By Chad Coleman | Bellevue Reporter
A new breed of gourmet food carts are catching on in Bellevue, offering fresh ingredients and a signature style.
Every Thursday afternoon the parking lot of Barnes and Noble fills with hungry employees from around downtown eager to chow down on the signature hamburgers and poutine fries from Skillet.
“We would say that Bellevue is probably our number one market over Seattle,” said Skillet owner Josh Henderson. “That has to do with the concentration of people in businesses eating lunch, where in Seattle it’s a little more spread out.”
Over on the corner of Main Street and Bellevue Way, Tuscan Stone Woodfire Pizza has become a staple lunch option. With it’s classic pizza oven, menu variety and friendly employees, word has spread. While it only has been in that spot since March, the location has been one of the company’s most consistent. Tuscan Stone’s Shane Baisch said the cart will operate year-round, and drivers can park and have employees bring food out to them when it’s raining.
The city doesn’t keep track of the number of food carts, but it did issue about five permits in 2009 and 2010 after the market went dormant for a couple years, according to City Planner Ken Thiem. Vendors only are allowed to set up on private property, can’t block traffic or pedestrians and can’t take up required parking. They also must fit with the existing character of the neighborhood.
“If you look at our requirements, there’s really a minimum number for a food cart,” Thiem said.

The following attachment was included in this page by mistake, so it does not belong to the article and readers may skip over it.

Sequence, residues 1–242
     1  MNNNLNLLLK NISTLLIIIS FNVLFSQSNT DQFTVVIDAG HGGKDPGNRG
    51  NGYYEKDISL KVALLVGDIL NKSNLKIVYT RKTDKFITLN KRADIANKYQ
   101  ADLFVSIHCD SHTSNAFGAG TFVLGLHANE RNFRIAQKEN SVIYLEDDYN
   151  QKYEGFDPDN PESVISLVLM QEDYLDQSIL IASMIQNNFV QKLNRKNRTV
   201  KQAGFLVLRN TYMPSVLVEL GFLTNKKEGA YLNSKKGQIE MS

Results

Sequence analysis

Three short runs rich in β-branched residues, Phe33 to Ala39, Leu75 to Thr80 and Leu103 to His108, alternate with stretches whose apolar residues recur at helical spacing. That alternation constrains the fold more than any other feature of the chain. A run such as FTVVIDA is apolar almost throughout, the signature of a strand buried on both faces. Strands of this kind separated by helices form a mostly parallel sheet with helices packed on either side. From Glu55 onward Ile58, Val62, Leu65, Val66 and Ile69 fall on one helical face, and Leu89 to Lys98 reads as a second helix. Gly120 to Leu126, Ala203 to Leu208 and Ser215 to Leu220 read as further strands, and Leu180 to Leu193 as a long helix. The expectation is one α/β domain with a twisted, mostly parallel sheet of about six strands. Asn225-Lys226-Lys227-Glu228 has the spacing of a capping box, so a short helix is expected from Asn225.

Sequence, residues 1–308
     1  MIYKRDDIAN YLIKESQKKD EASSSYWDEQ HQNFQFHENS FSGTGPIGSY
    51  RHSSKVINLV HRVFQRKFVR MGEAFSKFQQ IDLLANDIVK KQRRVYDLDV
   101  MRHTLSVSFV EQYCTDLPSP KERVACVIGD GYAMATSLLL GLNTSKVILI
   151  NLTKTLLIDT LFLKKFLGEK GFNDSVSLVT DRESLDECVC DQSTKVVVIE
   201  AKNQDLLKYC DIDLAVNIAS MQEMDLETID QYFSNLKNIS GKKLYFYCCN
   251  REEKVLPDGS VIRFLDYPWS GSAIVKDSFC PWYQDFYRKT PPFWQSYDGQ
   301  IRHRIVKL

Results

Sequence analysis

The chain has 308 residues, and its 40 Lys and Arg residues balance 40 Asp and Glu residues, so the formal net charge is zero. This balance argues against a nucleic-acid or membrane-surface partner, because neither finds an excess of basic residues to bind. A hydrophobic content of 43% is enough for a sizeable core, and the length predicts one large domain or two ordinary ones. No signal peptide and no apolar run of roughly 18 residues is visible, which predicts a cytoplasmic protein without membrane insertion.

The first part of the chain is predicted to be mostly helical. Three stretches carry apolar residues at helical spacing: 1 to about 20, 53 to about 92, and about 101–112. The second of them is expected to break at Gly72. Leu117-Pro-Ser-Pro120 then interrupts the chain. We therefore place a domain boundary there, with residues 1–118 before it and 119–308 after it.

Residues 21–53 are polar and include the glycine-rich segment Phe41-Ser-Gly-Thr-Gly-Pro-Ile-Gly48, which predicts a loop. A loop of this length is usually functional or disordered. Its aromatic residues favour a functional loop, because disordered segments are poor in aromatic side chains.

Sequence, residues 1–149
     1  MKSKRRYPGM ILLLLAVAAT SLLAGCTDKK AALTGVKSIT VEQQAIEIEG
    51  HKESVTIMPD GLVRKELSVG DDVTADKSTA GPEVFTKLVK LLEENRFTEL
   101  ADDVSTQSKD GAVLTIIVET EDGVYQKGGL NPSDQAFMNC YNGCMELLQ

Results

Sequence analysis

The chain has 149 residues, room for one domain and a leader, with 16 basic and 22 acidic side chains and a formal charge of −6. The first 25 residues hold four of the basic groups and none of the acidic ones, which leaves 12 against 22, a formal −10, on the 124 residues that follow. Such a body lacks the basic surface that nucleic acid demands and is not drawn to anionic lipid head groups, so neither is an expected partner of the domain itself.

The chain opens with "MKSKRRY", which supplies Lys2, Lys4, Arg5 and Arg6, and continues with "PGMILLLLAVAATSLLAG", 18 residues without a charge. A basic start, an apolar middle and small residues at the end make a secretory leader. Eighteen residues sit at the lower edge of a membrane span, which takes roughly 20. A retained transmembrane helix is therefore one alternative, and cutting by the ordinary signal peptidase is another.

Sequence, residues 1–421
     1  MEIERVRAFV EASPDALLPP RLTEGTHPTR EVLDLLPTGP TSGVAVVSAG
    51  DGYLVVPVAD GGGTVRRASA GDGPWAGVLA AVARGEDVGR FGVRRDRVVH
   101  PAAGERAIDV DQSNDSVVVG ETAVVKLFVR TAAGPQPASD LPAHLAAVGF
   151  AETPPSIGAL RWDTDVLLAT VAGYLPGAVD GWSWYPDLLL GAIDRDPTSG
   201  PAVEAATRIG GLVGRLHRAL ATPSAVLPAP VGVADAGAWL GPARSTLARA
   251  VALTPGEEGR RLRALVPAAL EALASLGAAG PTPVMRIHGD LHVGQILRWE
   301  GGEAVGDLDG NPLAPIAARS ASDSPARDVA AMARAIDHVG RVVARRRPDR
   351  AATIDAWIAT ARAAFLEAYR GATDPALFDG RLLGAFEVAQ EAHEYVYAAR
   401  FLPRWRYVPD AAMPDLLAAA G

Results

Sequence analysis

But the city did become more involved earlier this year when a number of food truck owners proposed a food cart district at the Woodfire Pizza location. However, Bellevue would require design review, much like any other development, a process that could take four months.
That turned out to be too much for Cary Roth, who is leasing the property. However, his control of the land is only temporary, he said, as it was set to be developed by a Spokane-based group before the economy crashed.
“It would have made what is otherwise a blighted and misused corner something that might be fun for people,” Roth said
Nevertheless, one nearby business owner took exception to the plan. Stu Vander Hoek has spent much of his life in Old Main. He owns the land occupied by Cupcake Royal, La Cocina and 7/11 among others. He felt the lone Tuscan Stone cart didn’t fit with the character of the area, one of the requirements for a permit. Also, he saw the cart as unwelcome competition that doesn’t have to abide by the same rules as a nearby restaurant.
Had the larger development been more collaborative, Vander Hoek said he would be more likely to get on board.
“If the really big idea was to have multiple vendor carts and create a destination, and bring in a whole bunch of people, let’s talk about it,” he said. “But let’s package it in a way to create more opportunities for the merchants in Old Bellevue.
Henderson, the owner of Skillet, sees both sides of this issue. With a diner on Seattle’s Capitol Hill and the cart, he feels that both have a place in the restaurant environment.
“The reality is there’s street food all over the world; this wrinkle is going to happen,” Henderson said.